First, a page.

Australia and US Issue Warning About Web App Threats

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The Australian and US governments have issued a joint advisory about the growing cyber-threats to web applications and application programming interfaces (APIs).

The guidance, Preventing Web Application Access Control Abuse was released by the Australian Cyber Security Centre (ACSC), US Cybersecurity and Infrastructure Security Agency (CISA), and US National Security Agency (NSA) on July 27, 2023.

It warns web application developers and users about the frequent exploitation of insecure direct object reference (IDOR) vulnerabilities – access control vulnerabilities that allow threat actors to modify, delete or access sensitive data by issuing requests to a website or API specifying the user identifier of other, valid users.

Read here: Why API Security Could Be the Next Big Thing in Cyber

The advisory noted that IDOR vulnerabilities are heavily targeted by attackers as they are commonly found, and difficult to prevent outside the development process. It read: “IDOR vulnerabilities have resulted in the compromise of personal, financial, and health information of millions of users and consumers.”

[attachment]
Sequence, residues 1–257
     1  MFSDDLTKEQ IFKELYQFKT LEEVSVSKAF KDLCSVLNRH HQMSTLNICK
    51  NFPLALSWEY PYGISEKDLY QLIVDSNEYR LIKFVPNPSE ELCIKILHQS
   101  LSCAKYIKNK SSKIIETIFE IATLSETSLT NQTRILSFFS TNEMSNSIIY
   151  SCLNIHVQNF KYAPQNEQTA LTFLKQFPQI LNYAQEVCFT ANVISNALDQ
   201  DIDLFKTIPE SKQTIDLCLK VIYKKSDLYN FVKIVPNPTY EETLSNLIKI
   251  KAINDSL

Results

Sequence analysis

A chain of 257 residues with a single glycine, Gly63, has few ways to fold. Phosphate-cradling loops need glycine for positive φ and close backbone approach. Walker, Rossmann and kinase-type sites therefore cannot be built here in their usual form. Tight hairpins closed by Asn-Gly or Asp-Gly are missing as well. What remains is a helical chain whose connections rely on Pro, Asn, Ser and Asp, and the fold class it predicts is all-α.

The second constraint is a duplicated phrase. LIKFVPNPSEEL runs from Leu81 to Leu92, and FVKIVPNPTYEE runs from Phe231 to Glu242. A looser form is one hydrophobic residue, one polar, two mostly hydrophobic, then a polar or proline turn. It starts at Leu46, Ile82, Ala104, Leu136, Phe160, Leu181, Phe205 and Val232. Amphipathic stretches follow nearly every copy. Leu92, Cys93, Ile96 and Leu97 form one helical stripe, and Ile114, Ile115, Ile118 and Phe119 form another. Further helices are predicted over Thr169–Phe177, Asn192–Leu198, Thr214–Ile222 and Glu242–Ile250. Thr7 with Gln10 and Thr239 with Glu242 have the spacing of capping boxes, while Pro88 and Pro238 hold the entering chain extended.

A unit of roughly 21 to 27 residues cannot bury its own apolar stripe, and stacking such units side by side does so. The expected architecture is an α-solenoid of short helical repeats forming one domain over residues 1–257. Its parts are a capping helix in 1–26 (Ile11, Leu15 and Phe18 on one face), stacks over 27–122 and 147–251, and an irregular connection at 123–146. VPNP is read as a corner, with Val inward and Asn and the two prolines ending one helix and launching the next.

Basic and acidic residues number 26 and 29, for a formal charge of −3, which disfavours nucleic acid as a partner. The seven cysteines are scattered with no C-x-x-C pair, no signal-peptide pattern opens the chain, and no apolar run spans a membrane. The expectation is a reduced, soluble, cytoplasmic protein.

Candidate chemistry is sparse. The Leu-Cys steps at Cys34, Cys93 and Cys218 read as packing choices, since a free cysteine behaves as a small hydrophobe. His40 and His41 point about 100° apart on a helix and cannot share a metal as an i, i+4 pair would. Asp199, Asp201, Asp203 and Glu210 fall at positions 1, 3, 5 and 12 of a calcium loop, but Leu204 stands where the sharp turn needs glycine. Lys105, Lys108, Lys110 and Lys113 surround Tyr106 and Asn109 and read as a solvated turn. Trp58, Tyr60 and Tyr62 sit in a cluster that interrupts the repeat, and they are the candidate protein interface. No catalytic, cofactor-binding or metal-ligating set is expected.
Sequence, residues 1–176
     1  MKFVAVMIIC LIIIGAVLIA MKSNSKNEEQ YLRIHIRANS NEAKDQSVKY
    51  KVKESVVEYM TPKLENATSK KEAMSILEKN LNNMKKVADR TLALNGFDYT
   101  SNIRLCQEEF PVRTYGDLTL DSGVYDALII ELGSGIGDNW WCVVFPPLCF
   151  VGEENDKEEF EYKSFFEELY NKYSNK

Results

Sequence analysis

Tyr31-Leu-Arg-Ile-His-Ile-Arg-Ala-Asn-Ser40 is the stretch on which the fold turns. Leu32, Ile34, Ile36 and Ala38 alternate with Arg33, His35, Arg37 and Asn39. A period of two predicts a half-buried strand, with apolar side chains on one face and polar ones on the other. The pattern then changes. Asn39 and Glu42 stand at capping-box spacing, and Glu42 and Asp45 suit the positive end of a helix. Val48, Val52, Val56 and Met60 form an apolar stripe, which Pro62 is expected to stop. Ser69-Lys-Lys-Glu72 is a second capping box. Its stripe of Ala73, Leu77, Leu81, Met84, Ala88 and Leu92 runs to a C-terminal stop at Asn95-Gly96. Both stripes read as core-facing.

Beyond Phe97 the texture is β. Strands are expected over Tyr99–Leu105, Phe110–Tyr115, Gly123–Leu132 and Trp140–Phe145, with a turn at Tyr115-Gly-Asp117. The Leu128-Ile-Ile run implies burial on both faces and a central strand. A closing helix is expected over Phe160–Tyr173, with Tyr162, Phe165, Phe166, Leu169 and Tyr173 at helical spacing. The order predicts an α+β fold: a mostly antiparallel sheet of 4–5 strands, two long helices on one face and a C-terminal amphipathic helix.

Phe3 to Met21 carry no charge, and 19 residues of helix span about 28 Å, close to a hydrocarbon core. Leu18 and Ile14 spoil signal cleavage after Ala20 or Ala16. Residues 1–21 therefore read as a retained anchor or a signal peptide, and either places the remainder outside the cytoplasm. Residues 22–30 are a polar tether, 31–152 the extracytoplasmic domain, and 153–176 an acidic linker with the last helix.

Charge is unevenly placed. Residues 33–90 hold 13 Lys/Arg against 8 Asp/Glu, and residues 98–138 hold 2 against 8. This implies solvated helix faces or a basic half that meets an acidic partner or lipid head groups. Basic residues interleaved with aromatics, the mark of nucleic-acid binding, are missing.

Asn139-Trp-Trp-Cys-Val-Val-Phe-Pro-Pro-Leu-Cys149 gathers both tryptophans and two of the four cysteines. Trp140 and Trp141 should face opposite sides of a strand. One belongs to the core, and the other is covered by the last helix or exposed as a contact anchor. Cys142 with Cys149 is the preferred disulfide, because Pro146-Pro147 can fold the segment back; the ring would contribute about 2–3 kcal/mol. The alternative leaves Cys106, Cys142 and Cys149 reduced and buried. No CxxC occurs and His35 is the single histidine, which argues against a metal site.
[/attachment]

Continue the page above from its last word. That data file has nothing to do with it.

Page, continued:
These attacks succeed when there is a failure to perform adequate authentication and authorization checks, allowing the threat actors’ requests to work.

The agencies issued a range of recommendations for vendors, designers, developers and end user organizations to reduce the prevalence of IDOR vulnerabilities:

Vendors and Developers

  • Implement secure by design principles into each stage of the software development life cycle (SDLC). Recommended practices can be found in the National Institute of Security and Technology’s (NIST’s) Secure Software Development Framework (SSDF), SP 800-218. Other secure by design recommendations include testing code to identify vulnerabilities and verify compliance with security requirements and conducting role-based training for personnel responsible for secure software development.
  • Establish a vulnerability disclosure program. This should enable the disclosure of security vulnerabilities internally and externally.

End-User Organizations

  • Exercise due diligence when selecting web applications. In particular, source from reputable vendors “that demonstrate commitment to secure by design and default principles.”
  • Apply software patches for web applications as soon as possible
  • Configure the application to log and generate alerts from tamper attempts
  • Create, maintain, and exercise a basic cyber incident response plan (IRP)

The new advisory fits in with the US government’s National Cybersecurity Strategy, which aims to place more responsibility on technology suppliers and developers for the security of software products.

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